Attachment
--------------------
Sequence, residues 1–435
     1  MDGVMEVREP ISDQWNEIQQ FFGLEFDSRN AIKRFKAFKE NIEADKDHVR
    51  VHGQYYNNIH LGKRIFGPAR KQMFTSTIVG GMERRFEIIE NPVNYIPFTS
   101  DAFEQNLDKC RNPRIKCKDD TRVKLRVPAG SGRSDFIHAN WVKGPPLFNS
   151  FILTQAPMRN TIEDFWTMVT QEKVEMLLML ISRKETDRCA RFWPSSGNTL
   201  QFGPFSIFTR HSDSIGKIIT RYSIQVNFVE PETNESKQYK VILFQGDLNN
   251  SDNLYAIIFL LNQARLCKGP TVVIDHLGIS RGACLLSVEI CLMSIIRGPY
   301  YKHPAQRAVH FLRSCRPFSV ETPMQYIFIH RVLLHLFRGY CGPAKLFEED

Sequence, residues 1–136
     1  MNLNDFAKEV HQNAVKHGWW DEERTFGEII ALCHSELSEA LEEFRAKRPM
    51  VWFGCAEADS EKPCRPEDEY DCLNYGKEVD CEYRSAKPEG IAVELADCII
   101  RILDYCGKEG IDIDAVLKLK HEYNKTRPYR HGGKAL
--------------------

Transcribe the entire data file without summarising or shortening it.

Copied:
Sequence, residues 1–435
     1  MDGVMEVREP ISDQWNEIQQ FFGLEFDSRN AIKRFKAFKE NIEADKDHVR
    51  VHGQYYNNIH LGKRIFGPAR KQMFTSTIVG GMERRFEIIE NPVNYIPFTS
   101  DAFEQNLDKC RNPRIKCKDD TRVKLRVPAG SGRSDFIHAN WVKGPPLFNS
   151  FILTQAPMRN TIEDFWTMVT QEKVEMLLML ISRKETDRCA RFWPSSGNTL
   201  QFGPFSIFTR HSDSIGKIIT RYSIQVNFVE PETNESKQYK VILFQGDLNN
   251  SDNLYAIIFL LNQARLCKGP TVVIDHLGIS RGACLLSVEI CLMSIIRGPY
   301  YKHPAQRAVH FLRSCRPFSV ETPMQYIFIH RVLLHLFRGY CGPAKLFEED

Sequence, residues 1–136
     1  MNLNDFAKEV HQNAVKHGWW DEERTFGEII ALCHSELSEA LEEFRAKRPM
    51  VWFGCAEADS EKPCRPEDEY DCLNYGKEVD CEYRSAKPEG IAVELADCII
   101  RILDYCGKEG IDIDAVLKLK HEYNKTRPYR HGGKAL